Goals in Sitecore 9

In our project we had goals set when a whitepaper was downloaded. This works fine, but it would be much nicer if we could show which whitepaper was actually downloaded. All the whitepapers have an identifier code, so the challenge was to add this identifier to the goal data.

Capturing custom goal data

Capturing the data is very well explained in the official documentation of Sitecore. We used the "Data" and "DataKey" properties of the goal:
  • DataKey: a key that identifies the contents of  "Data" - e.g. 'Whitepaper code'
  • Data : any data collected as part of triggering the event - in our case the whitepaper identifier
This all works fine and we can see the data in the database (xDB shards) as part of the events.

Displaying custom goal data

Data is nice, but you need a way to show it. It wasn't immediatly clear how to do this, so I asked it on Sitecore Stack Exchange.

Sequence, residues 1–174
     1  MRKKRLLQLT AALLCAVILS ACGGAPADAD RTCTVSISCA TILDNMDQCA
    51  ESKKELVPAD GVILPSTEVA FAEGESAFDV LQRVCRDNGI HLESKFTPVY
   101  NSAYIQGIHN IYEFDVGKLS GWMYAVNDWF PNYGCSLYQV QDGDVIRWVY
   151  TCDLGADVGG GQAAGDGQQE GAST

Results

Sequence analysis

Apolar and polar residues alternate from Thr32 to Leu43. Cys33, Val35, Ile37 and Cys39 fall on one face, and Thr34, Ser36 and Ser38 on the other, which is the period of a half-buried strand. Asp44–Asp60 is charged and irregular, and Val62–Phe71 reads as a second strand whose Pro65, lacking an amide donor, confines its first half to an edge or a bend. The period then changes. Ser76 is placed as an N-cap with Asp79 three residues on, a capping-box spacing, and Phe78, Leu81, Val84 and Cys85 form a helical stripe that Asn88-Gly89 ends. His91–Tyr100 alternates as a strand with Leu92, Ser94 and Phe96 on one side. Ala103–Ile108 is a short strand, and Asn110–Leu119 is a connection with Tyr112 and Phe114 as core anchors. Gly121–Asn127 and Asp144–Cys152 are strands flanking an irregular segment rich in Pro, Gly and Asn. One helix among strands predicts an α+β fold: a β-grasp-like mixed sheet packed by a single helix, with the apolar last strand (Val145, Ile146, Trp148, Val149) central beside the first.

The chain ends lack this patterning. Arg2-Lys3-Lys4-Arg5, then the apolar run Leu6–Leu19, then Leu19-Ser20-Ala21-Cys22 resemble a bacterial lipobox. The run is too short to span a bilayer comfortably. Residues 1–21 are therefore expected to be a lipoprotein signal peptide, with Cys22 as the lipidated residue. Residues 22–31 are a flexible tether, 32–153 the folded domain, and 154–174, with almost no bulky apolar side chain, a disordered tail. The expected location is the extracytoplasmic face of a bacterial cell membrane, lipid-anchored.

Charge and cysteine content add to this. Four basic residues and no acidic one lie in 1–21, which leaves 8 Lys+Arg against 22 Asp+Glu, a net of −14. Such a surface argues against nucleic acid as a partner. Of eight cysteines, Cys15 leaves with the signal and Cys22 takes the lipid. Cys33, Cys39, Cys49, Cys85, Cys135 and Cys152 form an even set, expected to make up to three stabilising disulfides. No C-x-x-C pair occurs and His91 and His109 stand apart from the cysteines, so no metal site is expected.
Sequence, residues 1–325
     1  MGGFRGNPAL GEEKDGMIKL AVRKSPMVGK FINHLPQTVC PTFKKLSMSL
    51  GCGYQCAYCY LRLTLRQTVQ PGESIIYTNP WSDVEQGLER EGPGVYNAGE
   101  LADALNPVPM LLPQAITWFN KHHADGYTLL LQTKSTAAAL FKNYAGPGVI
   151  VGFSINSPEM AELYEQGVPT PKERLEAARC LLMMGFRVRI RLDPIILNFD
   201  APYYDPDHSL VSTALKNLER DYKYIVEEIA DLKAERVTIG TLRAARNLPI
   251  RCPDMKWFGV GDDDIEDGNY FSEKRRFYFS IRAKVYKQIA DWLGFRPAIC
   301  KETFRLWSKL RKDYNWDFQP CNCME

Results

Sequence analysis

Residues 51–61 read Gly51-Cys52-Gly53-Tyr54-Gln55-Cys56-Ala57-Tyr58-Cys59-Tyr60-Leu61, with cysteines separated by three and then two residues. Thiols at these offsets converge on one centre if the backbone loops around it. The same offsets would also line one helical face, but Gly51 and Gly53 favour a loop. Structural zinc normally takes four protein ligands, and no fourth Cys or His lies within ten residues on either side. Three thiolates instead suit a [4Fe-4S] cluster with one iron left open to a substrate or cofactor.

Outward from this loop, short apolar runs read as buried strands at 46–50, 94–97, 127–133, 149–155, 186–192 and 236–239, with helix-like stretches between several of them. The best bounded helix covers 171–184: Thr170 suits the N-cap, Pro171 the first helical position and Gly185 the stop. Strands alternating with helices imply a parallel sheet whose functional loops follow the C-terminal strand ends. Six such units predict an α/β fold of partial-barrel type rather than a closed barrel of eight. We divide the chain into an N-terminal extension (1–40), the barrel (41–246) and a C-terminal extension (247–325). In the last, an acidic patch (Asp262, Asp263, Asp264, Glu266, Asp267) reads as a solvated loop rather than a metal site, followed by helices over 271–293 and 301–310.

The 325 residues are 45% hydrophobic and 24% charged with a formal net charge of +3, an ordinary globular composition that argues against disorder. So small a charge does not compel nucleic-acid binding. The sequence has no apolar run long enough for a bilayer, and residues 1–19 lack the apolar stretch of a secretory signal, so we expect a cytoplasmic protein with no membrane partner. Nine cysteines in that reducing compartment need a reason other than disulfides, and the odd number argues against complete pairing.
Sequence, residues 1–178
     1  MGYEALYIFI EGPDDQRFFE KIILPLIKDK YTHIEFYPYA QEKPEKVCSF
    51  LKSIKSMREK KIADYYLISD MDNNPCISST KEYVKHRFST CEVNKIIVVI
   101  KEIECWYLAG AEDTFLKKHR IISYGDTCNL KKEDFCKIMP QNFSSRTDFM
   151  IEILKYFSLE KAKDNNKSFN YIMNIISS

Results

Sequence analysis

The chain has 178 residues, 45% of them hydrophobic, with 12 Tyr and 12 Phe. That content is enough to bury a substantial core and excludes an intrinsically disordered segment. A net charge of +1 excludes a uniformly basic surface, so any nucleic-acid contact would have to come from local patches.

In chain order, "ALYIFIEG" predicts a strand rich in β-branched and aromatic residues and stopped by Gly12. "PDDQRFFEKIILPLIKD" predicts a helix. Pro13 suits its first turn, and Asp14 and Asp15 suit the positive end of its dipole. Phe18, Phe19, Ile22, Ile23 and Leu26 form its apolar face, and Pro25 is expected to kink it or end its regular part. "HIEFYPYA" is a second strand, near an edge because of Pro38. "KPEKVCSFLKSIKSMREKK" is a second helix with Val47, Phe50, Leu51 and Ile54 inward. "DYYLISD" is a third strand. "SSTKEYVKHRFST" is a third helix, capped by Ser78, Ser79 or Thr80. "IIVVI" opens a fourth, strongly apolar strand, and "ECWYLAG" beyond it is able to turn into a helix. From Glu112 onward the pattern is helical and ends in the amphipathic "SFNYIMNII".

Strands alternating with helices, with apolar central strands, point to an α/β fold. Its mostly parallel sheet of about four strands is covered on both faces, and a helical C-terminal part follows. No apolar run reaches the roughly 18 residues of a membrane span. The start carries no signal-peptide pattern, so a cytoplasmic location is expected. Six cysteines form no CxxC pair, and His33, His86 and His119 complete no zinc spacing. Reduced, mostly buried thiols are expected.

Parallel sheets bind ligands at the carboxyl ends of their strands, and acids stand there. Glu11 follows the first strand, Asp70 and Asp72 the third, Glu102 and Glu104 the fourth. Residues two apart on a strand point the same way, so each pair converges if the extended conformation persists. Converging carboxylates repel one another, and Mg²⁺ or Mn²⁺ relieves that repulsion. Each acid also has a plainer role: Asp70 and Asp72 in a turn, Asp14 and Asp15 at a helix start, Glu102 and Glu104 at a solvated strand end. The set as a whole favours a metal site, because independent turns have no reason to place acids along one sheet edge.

Jarmo Jarvi pointed me in the good direction by mentioning a tremendous blog post by Jonathan Robbins. The blog post was based on Sitecore 8 - the idea behind my post here is to show the differences when doing this in Sitecore 9 and xConnect. The result will be the same:
an extra column in the goals section of the activity tab of a contact in the Experience Profile

ExperienceProfileContactViews

The ExperienceProfileContactViews pipeline is where all the magic happens. Adding the extra column to the results table is identical to the description for Sitecore 8. Fetching the data (in GetGoals) however is quite different as we have to use xConnect now:
public class AddGoalDataColumn : ReportProcessorBase
{
  public override void Process(ReportProcessorArgs args)
  {